Tefnut is the goddess of rain, dew, and water. With the face of a lioness and sun disc on her head, Tefnut is often portrayed as a woman. She is commonly associated as the lunar goddess of humidity as well.
Atum-Ra created Tefnut and her brother, Shu. He would become the god of light and air. She filled the role of his consort. Tefnut is the mother of Geb and Nut. She has many grandchildren including Osiris, Nephthys, Set, and Isis. “She of moisture” is a loose translation of Tefnut. There are many variations of her name including Tefnuit, Tefnet, Tefenet, or Tefnwt. She has always been associated with the words “spit” or “moist.”
The most common images portray her as a woman with a lioness head. Some other depictions show her as completely human. In any form, she always wears a solar disc that is surrounded by cobras and the Uraeus. The disc is prominently located on her head. She holds an ankh (breath of life) and the scepter (power) in her hands. In some legends, she can take the form of a cobra.
She was originally known as the lunar “Eye of Ra.” This designation linked her to rain, moisture, dew, and the moon. In later years, she also was the solar “Eye of Ra” and connected her to the lack of moisture. Tefnut held the titles of “Lady of the Flames” and “Uraeus on the Head of All the Gods.” She gained this title as the protector of the sun god. Isis, Bast, Hathor, Mut, Wadjet, Nekhbet, and Sekhmet also shared that role with her. Most gods were dual in nature. Tefnut was the only Ennead deity to be strictly female. Many worshipers consider her to be the mother of all creation.
Centers in Leontopolis and Hermopolis revered her with cults. Along with Shu, the twins were worshipped as the flamingo children of the king of Lower Egypt. These representations signified both the moon and the sun. She was considered a cosmic deity with no ties to Earth. Some scholars do believe that a few temples were built. These religious sites could only be accessed by the pharaoh and Tefnut’s priestesses. All who entered the temple were purified in a stone pool. There are no temples dedicated to this goddess that have survived.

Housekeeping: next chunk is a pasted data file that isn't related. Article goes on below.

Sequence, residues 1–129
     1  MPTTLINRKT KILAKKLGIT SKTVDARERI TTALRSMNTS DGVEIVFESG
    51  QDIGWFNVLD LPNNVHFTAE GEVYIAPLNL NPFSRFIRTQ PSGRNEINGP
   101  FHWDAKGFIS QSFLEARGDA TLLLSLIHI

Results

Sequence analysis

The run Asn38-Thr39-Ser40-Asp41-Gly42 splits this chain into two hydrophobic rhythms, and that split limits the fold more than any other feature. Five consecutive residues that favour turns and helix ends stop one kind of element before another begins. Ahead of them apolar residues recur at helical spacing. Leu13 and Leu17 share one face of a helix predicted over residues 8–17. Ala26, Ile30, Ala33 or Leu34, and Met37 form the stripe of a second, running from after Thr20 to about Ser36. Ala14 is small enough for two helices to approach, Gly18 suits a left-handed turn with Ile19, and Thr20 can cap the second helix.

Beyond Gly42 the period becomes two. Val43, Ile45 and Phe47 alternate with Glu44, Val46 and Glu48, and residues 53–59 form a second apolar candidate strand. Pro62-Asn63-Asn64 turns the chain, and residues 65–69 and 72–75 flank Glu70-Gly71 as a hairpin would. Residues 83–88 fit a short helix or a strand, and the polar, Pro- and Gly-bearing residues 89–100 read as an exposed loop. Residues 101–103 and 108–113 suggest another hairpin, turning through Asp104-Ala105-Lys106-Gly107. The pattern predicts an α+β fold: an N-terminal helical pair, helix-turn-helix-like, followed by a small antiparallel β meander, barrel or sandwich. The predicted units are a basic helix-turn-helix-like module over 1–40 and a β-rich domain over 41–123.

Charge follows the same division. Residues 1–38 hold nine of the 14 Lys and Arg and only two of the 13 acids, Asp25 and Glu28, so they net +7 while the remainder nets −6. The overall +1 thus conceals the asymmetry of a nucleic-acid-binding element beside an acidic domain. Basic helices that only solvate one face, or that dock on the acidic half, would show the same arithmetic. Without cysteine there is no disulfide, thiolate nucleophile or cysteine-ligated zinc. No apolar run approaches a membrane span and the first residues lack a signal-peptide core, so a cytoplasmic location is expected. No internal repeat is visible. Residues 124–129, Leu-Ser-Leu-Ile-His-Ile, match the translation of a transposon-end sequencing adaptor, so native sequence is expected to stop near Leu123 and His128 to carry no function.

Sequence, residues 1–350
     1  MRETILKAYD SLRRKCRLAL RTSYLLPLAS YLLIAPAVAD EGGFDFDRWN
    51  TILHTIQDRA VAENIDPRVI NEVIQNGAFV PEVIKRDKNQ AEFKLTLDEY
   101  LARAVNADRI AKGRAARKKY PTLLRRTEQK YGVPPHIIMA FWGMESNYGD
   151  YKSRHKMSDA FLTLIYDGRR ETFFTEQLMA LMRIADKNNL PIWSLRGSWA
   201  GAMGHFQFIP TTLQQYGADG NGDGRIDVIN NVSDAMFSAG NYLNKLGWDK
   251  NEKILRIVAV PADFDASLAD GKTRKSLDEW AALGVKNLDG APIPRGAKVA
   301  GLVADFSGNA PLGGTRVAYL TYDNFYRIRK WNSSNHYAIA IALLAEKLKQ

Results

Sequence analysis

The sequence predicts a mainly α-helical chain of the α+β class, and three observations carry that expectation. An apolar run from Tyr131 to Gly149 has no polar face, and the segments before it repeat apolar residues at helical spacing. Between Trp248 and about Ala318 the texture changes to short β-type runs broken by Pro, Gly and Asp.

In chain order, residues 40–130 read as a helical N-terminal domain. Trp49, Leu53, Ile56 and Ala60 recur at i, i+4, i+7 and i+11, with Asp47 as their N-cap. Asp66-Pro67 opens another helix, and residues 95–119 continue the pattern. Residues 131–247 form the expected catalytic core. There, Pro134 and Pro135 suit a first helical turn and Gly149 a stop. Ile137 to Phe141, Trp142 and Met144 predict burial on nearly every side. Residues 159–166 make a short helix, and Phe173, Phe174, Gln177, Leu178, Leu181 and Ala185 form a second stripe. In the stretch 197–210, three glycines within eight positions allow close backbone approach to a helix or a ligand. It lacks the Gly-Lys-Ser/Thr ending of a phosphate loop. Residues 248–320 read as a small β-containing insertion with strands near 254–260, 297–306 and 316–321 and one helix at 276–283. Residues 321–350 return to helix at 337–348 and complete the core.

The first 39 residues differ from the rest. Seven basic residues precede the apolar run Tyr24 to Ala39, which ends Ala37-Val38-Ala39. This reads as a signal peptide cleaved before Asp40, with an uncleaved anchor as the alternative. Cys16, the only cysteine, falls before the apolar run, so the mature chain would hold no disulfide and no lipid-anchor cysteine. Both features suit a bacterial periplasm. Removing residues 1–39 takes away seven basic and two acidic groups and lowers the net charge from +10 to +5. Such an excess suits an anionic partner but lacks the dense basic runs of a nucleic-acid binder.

Legend of Tefnut
Her father, Atum, came out of the waters of Nun. Shu and Tefnut were created when Atum spit them out. Tefnut has been associated with another goddess named Tefen. They were involved in weighing the heart of Ma’at. Tefen has disappeared from most ancient texts, but she still remains connected to Ma’at. Tefnut helped hold Nut (the sky) over Geb (the earth). She is the “Tongue of Ptah” in Memphis and helped him to create life. The city of Denderah was once known as “The House of Tefnut.” She is worshiped in her lioness form in the city.
Tefnut is tied to many creation stories. In one story, Tefnut was lost in the world of Nun. Her father was distraught over her absence. He sent out his eye in an effort to locate her. Once she was located, Atum cried and shed the tears that created the first humans.
Tefnut was also known to argue with her father. After one fight, she left Egypt and fled to the Nubian Desert. She took away all the rain and moisture from the land. Her actions left Egypt unable to grow crops. While she was in Nubia, she transformed into a lioness. Her lioness form killed everyone in her presence. Atum sent Shu and a baboon named Thoth to find her. Once they located her, they tricked her into drinking a red colored liquid. This liquid calmed her down and returned her to a human form. When she came back to her native land, she brought moisture and rain to the area. The Nile was said to flow again with the water coming out of her body. Cities and towns throughout the country celebrated her return with great feasts, music, dancers, and animal performers.
During the time of Akhenaten, many of the old gods were dismissed or rejected. Shu and Tefnut did remain in favor of the new pharaoh. Akhenaten and his sister, Nefertiti, are often depicted as the twin lion gods.